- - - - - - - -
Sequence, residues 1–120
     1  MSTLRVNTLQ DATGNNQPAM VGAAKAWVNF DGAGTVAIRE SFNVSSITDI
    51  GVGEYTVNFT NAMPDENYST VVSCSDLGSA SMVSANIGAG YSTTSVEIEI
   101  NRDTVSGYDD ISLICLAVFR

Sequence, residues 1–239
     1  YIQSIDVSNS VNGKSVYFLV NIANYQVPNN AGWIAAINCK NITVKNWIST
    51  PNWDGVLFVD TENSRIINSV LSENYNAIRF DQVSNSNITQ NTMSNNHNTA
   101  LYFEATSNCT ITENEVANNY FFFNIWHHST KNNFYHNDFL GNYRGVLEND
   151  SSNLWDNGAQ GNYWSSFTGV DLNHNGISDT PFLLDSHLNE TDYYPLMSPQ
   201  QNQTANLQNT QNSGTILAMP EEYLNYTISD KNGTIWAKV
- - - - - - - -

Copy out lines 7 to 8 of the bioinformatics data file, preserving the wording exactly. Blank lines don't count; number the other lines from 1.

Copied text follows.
    51  PNWDGVLFVD TENSRIINSV LSENYNAIRF DQVSNSNITQ NTMSNNHNTA
   101  LYFEATSNCT ITENEVANNY FFFNIWHHST KNNFYHNDFL GNYRGVLEND